November 5th, 2008

The Enormity of the Task Ahead

Four years ago I went down to Florida to volunteer for John Kerry during the final days before the election. I had never been anywhere near a campaign office before, but the one I worked in contained exactly what I had hoped and expected it would: an immense swirl of positive energy and optimism. Surrounded by dozens of people who thought I as I think, who were willing to volunteer endless hours with endless goodwill for what they believed was the common good, I was filled with hope. I loved doing my little lists of get-out-the-vote calls, eating leftover Hallowe’en candy, chatting with impassioned strangers and believing wholeheartedly that change was good, possible and imminent.

Such was my blinkered (and coddled) worldview going into Election Night 2004, and profound dismay and distress was the result. I hadn’t ever spoken to anyone who didn’t think George Bush was a disastrous liability to America and the world, and therefore I thought such people did not exist. I couldn’t believe that anyone would vote against (in my perception) their own ecomonic security, the solidarity of nations, diplomacy and advocacy for peace.

I left the campaign office in the afternoon and spend election night with my family, who are considerably more informed about politics (and everything) than I am. Around 2am, I had to be pried from my chair (a chair I still dislike for it’s association with that evening) and sent to bed with the firm message that the situation was not going to change. If you’ve ever tried to explain anything to me at 2am, including where the bathroom is, you’ll know I have a hard time absorbing information past midnight and I *did not buy it*.

I was so terribly disillusioned to be wrong.

Four years later, I spent election night at the home of lovely friends and a puppy with whom I have a dubious relationship. Last night, when the puppy hurled himself at my chest, I gave him a hug and whispered in his floppy ear, “Remember me, Mookie? Remember when I came to visit last time and you bit me? Let’s not do that again, ok?”

And we didn’t. The evening was so fun and easy, because we were *justifiably* confident long before we had any right to expect that. Unlike my long miserable night in 2004, things were fairly obvious at 9 and over at 11. I could not, however, go home, because we had balloons and blue cookies and noisemakers, the puppy and the speeches and joy to share. I have never made it to the speechifying before–I found McCain’s “the fault is mine” concession speech deeply moving and personal. Obama’s speech was glossier and while he said many things that impressed me, it wasn’t amazing. But here’s the crazy thing–he’s got at least 4 more years of speeches. I’m willing to wait.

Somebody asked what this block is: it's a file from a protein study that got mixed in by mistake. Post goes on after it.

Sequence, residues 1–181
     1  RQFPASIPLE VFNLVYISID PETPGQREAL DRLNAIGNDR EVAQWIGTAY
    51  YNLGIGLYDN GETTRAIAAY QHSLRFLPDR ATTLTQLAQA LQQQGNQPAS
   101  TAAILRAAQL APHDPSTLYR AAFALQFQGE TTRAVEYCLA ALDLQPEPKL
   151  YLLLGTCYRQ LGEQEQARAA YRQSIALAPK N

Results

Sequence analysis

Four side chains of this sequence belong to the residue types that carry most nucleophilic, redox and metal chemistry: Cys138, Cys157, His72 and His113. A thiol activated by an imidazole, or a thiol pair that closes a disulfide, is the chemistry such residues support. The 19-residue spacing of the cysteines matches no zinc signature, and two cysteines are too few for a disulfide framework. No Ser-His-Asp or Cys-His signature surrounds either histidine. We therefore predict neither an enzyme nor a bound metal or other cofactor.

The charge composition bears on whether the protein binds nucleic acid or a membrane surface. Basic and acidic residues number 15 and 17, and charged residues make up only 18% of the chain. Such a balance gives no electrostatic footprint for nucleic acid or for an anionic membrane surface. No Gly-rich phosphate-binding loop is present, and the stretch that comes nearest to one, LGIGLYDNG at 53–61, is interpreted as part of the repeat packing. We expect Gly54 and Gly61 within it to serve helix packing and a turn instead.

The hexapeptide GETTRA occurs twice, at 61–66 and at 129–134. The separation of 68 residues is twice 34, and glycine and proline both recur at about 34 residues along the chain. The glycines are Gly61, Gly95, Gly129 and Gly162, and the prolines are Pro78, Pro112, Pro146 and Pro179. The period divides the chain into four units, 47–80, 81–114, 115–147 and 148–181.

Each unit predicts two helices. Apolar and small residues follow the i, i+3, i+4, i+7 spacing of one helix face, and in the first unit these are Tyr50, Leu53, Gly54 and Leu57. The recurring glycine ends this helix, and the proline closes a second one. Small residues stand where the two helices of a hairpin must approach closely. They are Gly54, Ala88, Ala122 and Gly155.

I’m still pretty ill-informed, cheerful and excitable about politics, but I’ll never again be in such a happy bubble as I was in 2004. I know now that what I feel I know to be right is not universal, and that there is more to any issue than an everyday goofball person can ever imagine. I am sure I do not well understand any of the positions of Obama’s that I so firmly endorse. But I am happy that I didn’t give up on American democracy, and happy that, if I don’t understand, there is someone in the most powerful office in the world whom I trust to get it.

Despite the two wars, the economic disaster, the health-care system and everything I don’t even know about, I am filled with hope. And I’m so glad those little girls are getting a puppy of their own.

True patriot love

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So Much Love by Rebecca Rosenblum

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